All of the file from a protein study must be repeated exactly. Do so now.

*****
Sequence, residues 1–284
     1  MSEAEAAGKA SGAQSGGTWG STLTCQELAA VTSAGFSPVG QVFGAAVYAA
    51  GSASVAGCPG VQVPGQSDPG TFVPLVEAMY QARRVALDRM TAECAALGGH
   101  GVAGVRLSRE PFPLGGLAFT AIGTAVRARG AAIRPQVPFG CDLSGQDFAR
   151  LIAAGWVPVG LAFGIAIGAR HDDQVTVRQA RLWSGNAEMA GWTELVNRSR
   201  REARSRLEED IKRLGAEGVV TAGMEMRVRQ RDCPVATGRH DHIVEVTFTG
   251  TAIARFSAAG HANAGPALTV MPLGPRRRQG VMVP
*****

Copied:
Sequence, residues 1–284
     1  MSEAEAAGKA SGAQSGGTWG STLTCQELAA VTSAGFSPVG QVFGAAVYAA
    51  GSASVAGCPG VQVPGQSDPG TFVPLVEAMY QARRVALDRM TAECAALGGH
   101  GVAGVRLSRE PFPLGGLAFT AIGTAVRARG AAIRPQVPFG CDLSGQDFAR
   151  LIAAGWVPVG LAFGIAIGAR HDDQVTVRQA RLWSGNAEMA GWTELVNRSR
   201  REARSRLEED IKRLGAEGVV TAGMEMRVRQ RDCPVATGRH DHIVEVTFTG
   251  TAIARFSAAG HANAGPALTV MPLGPRRRQG VMVP